You can read this post in : French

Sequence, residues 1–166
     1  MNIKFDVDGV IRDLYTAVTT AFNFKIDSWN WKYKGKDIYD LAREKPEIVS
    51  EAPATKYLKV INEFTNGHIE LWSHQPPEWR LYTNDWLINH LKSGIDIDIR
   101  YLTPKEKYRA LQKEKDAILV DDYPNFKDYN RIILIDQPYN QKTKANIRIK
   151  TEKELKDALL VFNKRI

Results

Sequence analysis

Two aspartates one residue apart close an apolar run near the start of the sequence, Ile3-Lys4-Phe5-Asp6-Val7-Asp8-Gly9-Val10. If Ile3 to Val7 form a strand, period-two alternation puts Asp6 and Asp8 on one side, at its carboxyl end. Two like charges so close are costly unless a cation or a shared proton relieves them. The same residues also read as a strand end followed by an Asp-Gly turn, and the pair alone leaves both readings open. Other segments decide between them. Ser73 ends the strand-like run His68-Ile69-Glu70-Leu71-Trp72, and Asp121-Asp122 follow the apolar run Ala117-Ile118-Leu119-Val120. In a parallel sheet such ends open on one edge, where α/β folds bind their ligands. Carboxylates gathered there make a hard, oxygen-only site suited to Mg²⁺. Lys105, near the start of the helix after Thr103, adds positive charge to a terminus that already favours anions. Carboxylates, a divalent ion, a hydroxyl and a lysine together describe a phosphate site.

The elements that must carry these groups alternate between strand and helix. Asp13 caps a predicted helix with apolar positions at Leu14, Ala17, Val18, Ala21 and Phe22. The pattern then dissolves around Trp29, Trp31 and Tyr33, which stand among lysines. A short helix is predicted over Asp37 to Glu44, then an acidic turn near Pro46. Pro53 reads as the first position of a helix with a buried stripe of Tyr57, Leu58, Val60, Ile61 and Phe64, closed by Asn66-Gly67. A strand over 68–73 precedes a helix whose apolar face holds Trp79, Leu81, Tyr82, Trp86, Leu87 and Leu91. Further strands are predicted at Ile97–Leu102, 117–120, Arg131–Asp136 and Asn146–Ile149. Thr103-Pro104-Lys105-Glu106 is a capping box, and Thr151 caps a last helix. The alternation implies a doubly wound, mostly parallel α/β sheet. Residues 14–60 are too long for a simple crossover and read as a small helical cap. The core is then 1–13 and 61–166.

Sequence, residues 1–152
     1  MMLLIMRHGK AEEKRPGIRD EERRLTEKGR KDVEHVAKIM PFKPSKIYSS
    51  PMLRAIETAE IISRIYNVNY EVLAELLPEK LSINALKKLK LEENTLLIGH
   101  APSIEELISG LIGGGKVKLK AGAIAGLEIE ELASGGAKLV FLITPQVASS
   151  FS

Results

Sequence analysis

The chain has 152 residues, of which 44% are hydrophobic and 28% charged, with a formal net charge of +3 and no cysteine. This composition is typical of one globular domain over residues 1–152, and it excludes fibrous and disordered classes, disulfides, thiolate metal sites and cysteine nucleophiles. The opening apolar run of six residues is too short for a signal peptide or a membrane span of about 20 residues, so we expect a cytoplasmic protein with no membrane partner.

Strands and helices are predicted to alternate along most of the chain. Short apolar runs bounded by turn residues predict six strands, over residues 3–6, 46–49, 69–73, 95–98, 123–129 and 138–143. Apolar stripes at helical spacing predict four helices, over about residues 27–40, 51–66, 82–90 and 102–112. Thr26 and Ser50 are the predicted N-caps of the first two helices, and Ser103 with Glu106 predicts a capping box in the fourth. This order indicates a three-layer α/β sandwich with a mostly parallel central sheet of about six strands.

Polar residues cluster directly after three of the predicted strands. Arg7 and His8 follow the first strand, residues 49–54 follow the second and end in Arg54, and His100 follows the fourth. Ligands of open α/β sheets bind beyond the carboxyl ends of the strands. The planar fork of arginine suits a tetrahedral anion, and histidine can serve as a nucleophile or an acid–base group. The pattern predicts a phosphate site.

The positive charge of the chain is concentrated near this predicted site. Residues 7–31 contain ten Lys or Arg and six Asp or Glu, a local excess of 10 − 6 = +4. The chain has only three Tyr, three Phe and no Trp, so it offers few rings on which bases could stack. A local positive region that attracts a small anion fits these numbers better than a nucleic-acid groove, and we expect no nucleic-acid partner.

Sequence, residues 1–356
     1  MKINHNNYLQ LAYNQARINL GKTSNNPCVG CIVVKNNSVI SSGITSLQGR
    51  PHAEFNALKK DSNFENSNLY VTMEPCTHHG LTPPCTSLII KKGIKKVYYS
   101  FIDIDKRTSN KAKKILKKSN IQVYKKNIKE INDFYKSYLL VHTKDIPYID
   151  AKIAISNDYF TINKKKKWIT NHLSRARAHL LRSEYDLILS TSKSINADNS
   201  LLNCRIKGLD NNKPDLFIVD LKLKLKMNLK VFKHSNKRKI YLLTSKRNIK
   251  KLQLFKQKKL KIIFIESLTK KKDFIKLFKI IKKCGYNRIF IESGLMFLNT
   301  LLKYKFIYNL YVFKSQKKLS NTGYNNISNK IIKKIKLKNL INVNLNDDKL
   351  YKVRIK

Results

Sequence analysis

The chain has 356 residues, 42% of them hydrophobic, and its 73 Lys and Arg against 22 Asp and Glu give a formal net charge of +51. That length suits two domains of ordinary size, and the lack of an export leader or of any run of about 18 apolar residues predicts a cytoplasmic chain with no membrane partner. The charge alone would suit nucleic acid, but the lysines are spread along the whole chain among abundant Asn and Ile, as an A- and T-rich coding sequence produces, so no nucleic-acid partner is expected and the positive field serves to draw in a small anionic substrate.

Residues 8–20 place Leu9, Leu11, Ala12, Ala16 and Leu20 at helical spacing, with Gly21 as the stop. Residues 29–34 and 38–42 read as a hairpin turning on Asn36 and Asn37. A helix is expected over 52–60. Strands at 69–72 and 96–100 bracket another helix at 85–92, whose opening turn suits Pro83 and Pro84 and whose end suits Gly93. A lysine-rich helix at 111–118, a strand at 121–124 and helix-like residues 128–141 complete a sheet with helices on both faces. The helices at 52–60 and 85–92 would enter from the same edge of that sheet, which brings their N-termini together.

The moon is bright and almost full. I’m sitting on an ugly plastic chair, my feet skimming the water (I won’t go further, the furniture is not reliable), diving into Johann Sebastian’s cello suite while browsing the day’s pictures on this tiny island in the Andaman Sea: Ko Lao-Liang. The beach spreads hardly over two hundred meters. Just behind, some wooden buildings roofed over with palms leaves, shelter a cafe and restrooms. Everything is swallowed in the broad and thick leaves of what they call the elephant’s trees. And that’s all! Everything else is unreachable, walled up behind tall steep karstic cliffs. On this island we’re at least twenty: nineteen Germans and I… Weird. A curly blond haired handsome English speaking guy welcomes the guests, alone…except for two Thais who handle cooking and three others who endlessly sweep the sand to gather as much leaves as possible of those elephant trees (almond trees). In short, I’m in a modern internment camp, full of peaceful Neo-Germans. The real death camp lies below my feet. When Johann Sebastian was still living, the coral reef was vivid and diverse, most certainly a wonder of life. Every single coral that I saw when snorkeling today was brown, bleak and dead. Two hours full of brown. Scraps of millions corpses still float among the remnant corals. According to curly-blond-handsome-guy, every stony coral in the Adaman Sea is dead. At least he’s right about those along the coasts. Many fishes might have left or die, yet there are still quite a lot there, from the tiny one to those of decent size adorned with vivid colors. I even managed to shoot a movie of this tiny guy sheltered by its hairy poisonous Lord: a clownfish with its sea anemone. Yeah! Clowns stay. It’s a change when compared with the opulent Bangkok. It’s simply different, yet not as “lively”.